Friday, February 20, 2009

The Third Story

When I first moved to New York in 1987, Charles Busch's camp classic, Vampire Lesbian of Sodom, was still a smash hit Off Broadway at the Provincetown Playhouse (back in the day when plays were actually performed at the Provincetown). I don't have a problem with campy theater but it's not anything I seek out, either, so I never saw that production. A few years ago, I saw a very entertaining staged reading of Busch's The Lady in Question by TOSOS II in the basement at the Monster; director Mark Finley treated the piece as though it was a radio play, which highlighted the convention of the reading and reinforced the WWII-era B-movie propaganda story very well. This week, I had tickets for Busch's latest play, The Third Story, at the Lucille Lortel on Tuesday night. I'd been hearing quite a lot of bad word-of-mouth about the production; needless to say, I sat down determined to keep an open mind until I had seen for myself.

I found the script to be the weakest element, really. Plot-wise, it's complicated: a Hollywood screenwriter—Kathleen Turner—who is also an overbearing mother, follows her son—Jonathan Walker—who is a former screenwriter, to Omaha, where he has fled to escape her and the film industry. She desperately needs to cajole him into collaborating with her on a script for reasons that change throughout the play. Whenever she attempts to brainstorm ideas with him, those ideas come to life in the performances of Charles Busch (in drag, as one would expect), Jennifer Van Dyck, Sarah Rafferty and Scott Parkinson; they all play a variety of characters in three stories (the third story, we are told, is always the best one) and all in different film genres: gangster, fairy tale, and science-fiction. There are some good ideas throughout the piece and several very funny moments but they don't ever gel into anything coherent. Because Turner's character keeps switching back and forth between the three story ideas, I saw no evidence that the third one was any better or worse than the other two; it certainly wasn't clear to me what point Busch was trying to make with any of them.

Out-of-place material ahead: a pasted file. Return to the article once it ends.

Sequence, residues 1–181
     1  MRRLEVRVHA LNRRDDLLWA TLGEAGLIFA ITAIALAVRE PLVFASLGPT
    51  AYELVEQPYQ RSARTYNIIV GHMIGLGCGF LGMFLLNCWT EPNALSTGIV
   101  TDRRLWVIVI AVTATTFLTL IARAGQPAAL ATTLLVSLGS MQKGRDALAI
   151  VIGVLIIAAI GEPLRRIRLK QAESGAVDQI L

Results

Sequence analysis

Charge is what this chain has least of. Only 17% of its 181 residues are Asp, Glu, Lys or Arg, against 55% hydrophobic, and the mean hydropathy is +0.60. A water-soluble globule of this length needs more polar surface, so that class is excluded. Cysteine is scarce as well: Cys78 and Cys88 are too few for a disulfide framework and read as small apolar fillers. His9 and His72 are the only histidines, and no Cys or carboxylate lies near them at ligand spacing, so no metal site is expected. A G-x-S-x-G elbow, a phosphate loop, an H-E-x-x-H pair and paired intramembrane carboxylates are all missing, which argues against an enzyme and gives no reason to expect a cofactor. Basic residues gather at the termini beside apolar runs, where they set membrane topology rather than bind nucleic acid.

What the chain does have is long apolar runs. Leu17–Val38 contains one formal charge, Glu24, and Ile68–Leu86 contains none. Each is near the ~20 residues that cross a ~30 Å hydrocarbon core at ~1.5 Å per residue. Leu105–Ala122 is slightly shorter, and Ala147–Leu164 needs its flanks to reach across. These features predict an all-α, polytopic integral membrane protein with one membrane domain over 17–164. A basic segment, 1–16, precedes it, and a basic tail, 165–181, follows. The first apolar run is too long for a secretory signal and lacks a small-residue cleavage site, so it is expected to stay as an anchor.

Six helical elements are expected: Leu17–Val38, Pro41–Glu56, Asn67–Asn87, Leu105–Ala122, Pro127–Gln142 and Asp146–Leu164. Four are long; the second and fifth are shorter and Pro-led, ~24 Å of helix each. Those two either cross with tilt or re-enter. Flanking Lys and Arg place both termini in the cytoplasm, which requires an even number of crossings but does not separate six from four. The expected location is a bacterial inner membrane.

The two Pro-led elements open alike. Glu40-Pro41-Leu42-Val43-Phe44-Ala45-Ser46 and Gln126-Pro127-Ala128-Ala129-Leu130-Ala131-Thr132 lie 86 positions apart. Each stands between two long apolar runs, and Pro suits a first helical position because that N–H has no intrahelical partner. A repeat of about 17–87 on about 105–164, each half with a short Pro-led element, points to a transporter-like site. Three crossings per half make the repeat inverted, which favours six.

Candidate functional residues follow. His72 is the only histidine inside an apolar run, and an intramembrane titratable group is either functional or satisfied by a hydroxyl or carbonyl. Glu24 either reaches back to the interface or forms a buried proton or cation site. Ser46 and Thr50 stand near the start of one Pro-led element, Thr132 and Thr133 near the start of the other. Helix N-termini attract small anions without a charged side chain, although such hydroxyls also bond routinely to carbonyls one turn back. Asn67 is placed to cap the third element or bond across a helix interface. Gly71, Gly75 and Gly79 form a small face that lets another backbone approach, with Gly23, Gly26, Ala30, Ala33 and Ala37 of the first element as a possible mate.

On the positive side, the acting is uniformly good and incredibly hammy—which is entirely appropriate in this sort of production; it's well-paced and supports Busch's style of humor—traditional set ups and punchlines, for the most part, with lots of opportunities for mugging—nicely; and all of the design elements—sets, lights and costumes—are effective. If the script had even been on par with the rest of the show, The Third Story might have been a pleasant diversion. Instead, it was just one story too long... or maybe two...

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